Archive for the ‘Soups’ Category

Remembrance of Things Lost:

Sunday, September 2nd, 2007

        My sister Julie who’s ten years older than I am (older enough, that is, to have pretended she was making gin in the bathtub during Prohibition) reminds me that back around 1931 Pop Ernt was still alive and joyfully presided at a tableside Rite of the Crêpes Suzette at his enchanting restaurant at Monterey Wharf. There was more, in short, than clam chowder and the mackerel-abalone-rock cod I remember Pop’s lanky son reciting. But all would eventually be lost; by my college days Pop’s sons, the tall one and the short one, had retired, selling their restaurant to a piscatorial entrepreneur of considerably less cachet. And then, shortly after, as if old Pop had posthumously released some ancient Hanseatic malediction, the successor restaurant burned, well not to the ground but down to the mud of Monterey Bay.

        As for the Del Monte Express, my beloved Pacific-powered puffer that would steam into the station across the way at 6:52 p.m., proud bell ding-donging into the summer mist: well, first it was the maestro of the snacks and drinks in the parlor car who retired after thirty years’ service (and the SP kindly named the car after Oliver Millet), then it was the train itself that became history, victim of California’s love affair with Fords, Chevys and Toyotas that don’t have a big number like 2-4-8-2 stamped on the side in large white letters a small child could read from a hundred yards.

        There must have been a printed menu at Ernt’s, but the regulation litany seems to have been all we needed for ordering. I’d give a royalty cheque to have a copy of Ernt’s carte for my menu collection, which ranges from the much comma’d laundry list of old Jack’s in San Francisco — before it was pulled kicking and screaming into a millennial yuppification — to the flights of graphic fantasy favored by Benoit in Paris or André Daguin in Auch-en-Gascogne. Occasionally chefs penned inscriptions, and my favorite is the one by Jean Peronnet of the long-gone Chapeau Rouge in Feurs, a little town west of Lyon we visited in ’73. M. Peronnet had as many Michelin rosettes as the urbane M. Daguin, but he looked one morning in his smock and beret more like the proprietor of a country hardware emporium than a celebrity chef.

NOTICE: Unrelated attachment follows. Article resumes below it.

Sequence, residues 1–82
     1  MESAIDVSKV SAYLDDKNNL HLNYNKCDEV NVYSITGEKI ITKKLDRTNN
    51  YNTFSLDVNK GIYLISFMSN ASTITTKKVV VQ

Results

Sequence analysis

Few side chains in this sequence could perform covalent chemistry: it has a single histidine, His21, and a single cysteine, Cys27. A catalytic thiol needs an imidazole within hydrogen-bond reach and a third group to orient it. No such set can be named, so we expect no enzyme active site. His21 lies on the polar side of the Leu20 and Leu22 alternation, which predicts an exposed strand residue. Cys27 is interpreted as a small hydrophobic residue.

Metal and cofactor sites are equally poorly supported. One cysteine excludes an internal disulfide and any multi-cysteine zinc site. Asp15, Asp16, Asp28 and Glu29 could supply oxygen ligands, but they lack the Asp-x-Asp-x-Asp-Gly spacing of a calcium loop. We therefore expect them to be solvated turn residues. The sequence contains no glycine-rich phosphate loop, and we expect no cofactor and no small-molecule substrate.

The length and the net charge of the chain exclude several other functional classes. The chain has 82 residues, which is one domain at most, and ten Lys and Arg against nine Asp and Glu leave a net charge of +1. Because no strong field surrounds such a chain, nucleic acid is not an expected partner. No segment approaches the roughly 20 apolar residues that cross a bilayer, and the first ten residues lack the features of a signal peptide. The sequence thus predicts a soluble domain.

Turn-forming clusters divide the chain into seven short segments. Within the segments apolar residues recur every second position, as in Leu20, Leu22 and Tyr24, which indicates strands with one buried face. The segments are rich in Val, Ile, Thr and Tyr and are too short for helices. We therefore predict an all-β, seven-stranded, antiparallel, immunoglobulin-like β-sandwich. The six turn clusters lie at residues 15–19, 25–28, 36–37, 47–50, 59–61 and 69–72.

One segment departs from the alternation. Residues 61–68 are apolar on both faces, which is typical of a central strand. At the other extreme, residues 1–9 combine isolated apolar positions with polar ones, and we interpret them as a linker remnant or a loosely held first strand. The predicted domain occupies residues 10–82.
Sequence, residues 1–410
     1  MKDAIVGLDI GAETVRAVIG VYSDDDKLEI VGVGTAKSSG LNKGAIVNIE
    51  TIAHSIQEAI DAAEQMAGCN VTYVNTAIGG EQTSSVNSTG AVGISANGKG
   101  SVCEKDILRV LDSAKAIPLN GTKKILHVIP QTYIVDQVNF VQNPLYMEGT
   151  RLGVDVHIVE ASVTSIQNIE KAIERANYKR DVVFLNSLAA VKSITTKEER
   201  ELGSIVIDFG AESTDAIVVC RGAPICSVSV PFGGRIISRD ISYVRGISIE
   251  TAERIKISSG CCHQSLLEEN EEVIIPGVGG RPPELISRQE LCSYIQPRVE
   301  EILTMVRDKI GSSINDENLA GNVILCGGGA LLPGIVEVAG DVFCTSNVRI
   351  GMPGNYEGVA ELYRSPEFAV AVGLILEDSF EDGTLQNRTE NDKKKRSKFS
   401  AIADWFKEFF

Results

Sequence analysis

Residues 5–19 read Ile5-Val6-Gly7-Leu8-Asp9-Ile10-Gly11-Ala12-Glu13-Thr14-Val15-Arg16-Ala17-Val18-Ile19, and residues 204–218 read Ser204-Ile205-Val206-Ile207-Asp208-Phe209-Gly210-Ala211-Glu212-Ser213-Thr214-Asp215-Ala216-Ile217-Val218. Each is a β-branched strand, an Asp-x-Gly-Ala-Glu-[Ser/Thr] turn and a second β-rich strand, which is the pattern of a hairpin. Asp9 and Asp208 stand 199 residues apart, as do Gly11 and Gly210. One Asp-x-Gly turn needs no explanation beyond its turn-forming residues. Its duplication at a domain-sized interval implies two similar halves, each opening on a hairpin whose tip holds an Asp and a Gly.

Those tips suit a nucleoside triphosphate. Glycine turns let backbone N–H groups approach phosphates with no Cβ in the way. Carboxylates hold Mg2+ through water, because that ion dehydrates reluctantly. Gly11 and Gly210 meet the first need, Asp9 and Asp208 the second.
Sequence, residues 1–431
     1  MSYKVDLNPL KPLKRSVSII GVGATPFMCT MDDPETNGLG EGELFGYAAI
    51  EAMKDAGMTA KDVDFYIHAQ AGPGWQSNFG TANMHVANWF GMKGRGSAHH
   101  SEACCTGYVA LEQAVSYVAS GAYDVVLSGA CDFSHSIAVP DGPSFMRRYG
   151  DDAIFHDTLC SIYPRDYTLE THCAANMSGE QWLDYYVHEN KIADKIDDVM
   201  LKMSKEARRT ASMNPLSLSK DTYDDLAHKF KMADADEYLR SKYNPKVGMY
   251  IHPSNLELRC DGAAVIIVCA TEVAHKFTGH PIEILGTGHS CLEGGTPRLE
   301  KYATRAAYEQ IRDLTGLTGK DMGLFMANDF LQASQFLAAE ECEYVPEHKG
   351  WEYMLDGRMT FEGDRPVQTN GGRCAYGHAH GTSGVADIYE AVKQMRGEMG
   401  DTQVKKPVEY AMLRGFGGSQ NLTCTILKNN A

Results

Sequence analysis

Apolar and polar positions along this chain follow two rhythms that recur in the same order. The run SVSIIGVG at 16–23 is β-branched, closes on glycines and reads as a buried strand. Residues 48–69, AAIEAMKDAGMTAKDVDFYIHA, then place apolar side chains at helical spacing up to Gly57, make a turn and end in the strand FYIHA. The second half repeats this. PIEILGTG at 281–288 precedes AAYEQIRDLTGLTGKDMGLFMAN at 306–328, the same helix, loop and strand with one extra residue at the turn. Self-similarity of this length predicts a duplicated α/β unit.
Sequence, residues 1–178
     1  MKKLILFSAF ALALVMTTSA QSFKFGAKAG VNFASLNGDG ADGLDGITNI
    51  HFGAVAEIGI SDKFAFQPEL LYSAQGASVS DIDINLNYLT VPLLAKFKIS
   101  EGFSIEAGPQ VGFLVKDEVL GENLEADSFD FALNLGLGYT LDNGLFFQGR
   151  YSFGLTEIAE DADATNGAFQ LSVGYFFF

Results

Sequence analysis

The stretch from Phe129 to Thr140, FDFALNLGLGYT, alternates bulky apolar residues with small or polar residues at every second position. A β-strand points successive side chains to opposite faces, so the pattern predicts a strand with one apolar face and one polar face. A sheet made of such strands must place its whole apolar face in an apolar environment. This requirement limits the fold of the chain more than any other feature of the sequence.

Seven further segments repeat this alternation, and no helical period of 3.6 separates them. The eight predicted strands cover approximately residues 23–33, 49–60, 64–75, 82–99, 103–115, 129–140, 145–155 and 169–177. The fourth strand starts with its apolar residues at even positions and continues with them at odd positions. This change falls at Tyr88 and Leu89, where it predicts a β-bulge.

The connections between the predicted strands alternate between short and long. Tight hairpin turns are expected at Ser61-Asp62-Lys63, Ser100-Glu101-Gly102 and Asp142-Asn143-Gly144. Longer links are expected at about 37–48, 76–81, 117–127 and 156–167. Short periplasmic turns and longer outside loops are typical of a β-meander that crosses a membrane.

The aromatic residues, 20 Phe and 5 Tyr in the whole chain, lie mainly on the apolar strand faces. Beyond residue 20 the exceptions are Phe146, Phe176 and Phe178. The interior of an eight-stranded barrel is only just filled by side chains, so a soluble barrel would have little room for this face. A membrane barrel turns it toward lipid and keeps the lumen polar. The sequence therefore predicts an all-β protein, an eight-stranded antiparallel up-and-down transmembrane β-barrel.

No inscriber for my menu cache has come close to his lovely (and something is lost in translation): “With my compliments, hoping to see you again, have a safe trip, be healthy.”



Sunday, September 2nd, 2007

        And here is our version of the piquant Colombian soup we ate at a vibrant little tapas palace in San Francisco’s gastronomically formidable Mission District — off a tabletop suggesting perhaps too vividly the spots of a leopard.


Save a piece or more of chicken, some carrot and all the remaining broth from our Boiled Chicken and Vegetables. Skim the fat off the broth, heat it and cook in it the kernels of a small ear of corn. Then skin and bone the chicken, cut it into juliennes and warm them in the soup for a minute or so.

To complete the ensemble, top the chicken-and-broth in each diner’s bowl with a little yogurt, avocado chunks and small capers to taste, and serve with a relish-like, minimally liquid salsa verde made with small amounts of olive oil and red wine vinegar (about 2 to 1) along with a little minced onion and rather a lot of parsley rat-tat-tatted into mince with a big sharp knife such as you see on the TV cooking shows.